Handling Siding Materials Rosedale NY

Like all siding materials, fiber cement has a learning curve. With a few simple steps, however, you can achieve excellent results on a consistent basis. Here are the biggest mistakes to avoid.

Local Companies

SilverLining Interiors, Inc.
2091 Broadway, third floor
New York, NY
Subhadra
(516)505-5407
255 South Franklin
Hempstead, NY
London Landscape Nursery & Garden Center
(516)795-7111
5596 Old Sunrise Highway
Massapequa, NY
Lawnbird Sprinkler Sys Inc
(718)428-8757
3274 Elliott Boulevard
Oceanside, NY
Giordano Country Gardens
(516)676-4011
295 Glen Cove Avenue
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Alure Home Improvements
1999 Hempstead Turnpike
East Meadow, NY
Arbor Tree Experts Inc
(718)892-1848
419 Quincy Avenue
Bronx, NY
Green Turf Irrigation CO Inc
(516)239-3434
101 Roger Avenue
Inwood, NY
Chemical N Tree
(914)667-4474
225 Washington Street
Mount Vernon, NY
Landgarden Landscape Architects
(212)228-9500
215 Park Ave S
New York, NY
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Source: REPLACEMENT CONTRACTOR Magazine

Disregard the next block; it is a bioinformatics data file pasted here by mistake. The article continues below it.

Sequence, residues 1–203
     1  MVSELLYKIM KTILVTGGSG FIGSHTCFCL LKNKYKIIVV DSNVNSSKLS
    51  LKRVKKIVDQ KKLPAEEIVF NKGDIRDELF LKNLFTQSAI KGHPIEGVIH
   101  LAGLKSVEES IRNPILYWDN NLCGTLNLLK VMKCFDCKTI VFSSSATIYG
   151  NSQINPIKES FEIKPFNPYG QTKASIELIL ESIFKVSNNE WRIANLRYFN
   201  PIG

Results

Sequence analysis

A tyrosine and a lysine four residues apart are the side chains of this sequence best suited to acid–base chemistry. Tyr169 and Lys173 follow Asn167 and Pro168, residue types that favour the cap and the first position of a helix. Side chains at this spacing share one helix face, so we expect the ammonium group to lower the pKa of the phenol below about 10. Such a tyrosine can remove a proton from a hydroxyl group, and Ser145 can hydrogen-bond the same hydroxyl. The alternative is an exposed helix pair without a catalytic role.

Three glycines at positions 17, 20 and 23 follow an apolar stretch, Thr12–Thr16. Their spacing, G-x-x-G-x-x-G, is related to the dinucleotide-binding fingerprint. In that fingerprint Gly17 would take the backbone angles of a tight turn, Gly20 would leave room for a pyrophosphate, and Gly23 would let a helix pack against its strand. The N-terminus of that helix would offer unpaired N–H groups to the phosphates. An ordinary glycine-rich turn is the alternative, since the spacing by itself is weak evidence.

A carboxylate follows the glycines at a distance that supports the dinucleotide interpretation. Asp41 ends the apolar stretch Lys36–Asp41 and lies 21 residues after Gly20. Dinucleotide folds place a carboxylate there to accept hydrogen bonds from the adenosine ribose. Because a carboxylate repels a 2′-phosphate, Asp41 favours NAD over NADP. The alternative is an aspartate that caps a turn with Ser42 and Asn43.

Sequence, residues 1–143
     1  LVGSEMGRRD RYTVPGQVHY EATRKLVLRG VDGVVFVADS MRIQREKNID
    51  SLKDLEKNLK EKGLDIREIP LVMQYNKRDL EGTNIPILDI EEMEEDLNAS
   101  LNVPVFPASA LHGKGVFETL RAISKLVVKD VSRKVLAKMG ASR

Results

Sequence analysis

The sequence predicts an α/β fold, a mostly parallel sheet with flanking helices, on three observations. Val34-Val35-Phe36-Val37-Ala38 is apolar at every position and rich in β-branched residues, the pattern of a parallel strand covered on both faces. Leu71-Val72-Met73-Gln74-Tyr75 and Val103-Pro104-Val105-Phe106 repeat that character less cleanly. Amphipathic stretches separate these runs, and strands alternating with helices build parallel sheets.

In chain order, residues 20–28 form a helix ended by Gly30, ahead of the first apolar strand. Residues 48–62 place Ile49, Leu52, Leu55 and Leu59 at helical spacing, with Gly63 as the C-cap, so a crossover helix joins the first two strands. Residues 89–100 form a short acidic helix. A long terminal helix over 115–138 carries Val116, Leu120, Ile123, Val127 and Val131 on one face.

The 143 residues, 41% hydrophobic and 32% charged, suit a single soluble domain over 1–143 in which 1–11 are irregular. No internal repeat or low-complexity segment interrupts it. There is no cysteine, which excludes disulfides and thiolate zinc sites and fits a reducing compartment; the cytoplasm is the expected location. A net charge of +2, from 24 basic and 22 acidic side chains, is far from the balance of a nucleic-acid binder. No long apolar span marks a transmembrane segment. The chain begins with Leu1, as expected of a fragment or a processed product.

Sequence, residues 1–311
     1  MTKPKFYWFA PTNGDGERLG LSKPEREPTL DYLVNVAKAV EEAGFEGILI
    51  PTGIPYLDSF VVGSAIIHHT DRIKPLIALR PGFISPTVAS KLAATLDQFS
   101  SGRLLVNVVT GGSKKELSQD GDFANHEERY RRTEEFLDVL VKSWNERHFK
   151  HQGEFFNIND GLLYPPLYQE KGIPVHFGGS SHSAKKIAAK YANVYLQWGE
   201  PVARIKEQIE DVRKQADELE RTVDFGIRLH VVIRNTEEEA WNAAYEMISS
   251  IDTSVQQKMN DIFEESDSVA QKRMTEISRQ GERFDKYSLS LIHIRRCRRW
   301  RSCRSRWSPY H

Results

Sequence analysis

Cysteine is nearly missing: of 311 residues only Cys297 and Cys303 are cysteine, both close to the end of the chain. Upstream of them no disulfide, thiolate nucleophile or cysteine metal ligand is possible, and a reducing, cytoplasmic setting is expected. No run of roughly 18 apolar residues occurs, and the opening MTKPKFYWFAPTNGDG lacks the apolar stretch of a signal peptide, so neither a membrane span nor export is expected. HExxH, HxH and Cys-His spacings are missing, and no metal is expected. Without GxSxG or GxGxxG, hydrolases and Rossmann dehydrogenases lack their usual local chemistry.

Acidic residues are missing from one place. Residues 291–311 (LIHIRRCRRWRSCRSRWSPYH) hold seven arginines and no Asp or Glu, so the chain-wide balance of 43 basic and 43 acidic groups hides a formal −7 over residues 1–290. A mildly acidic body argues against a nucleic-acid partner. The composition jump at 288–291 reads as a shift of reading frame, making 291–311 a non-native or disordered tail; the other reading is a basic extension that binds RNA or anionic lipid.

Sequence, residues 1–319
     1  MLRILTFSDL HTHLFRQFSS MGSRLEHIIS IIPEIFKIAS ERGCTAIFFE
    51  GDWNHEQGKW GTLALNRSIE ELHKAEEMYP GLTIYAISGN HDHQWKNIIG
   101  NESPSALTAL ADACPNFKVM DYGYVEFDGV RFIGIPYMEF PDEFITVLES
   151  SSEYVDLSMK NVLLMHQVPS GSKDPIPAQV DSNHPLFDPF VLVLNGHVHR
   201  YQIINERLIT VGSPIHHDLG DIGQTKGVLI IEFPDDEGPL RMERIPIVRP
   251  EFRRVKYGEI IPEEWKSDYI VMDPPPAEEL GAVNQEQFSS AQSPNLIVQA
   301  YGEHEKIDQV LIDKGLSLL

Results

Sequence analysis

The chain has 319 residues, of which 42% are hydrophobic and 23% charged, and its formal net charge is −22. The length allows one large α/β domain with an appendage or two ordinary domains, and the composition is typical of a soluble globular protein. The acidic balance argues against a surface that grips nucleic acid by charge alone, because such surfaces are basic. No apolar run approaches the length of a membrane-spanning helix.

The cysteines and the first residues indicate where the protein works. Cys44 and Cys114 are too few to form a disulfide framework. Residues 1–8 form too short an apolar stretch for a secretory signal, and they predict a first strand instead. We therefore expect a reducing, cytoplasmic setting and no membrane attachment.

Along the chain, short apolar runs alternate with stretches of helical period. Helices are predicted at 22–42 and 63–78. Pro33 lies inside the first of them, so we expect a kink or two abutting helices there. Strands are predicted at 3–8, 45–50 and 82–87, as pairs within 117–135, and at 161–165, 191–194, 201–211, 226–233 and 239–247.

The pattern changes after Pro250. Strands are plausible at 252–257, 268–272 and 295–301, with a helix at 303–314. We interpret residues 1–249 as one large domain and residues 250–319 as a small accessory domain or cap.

Publication date: September 1, 2005

By Carl Sperry

Like all siding materials, fiber cement has a learning curve. With a few simple steps, however, you can achieve excellent results on a consistent basis. Here are the biggest mistakes to avoid:

Improper fastening. By far the most common error. Most manufacturers recommend setting your nails flush with the surface of the piece and snug to the wall. “I've seen brand new, blind-nailed sided houses where you could pull the siding off with two fingers,” says Mark Parlee, owner of Parlee Builders, in Des Moines, Iowa. Eliminate this by using the proper nail gun; that is, one with a depth-of-drive adjustment. Turning down the compression will also help, but it may not be enough. Another option is to hand-nail or screw the pieces on. Both will increase labor burden but help you avoid this mistake.

Fitting pieces too tightly to trim or to each other. This may seem like a good idea, but it often results in the piece(s) bowing during expansion, causing unsightly waves. It's especially noticeable on long straight walls. Avoid it by leaving a 1/16- to 1/8-inch gap where the siding butts the trim and apply high-quality sealant to the gap. This will allow the siding to expand and contract without bowing.

Not nailing on the studs. A huge no-no. Fiber-cement siding is heavy (2.2 pounds per foot). Not hitting the studs is a recipe for disaster in high-wind areas.

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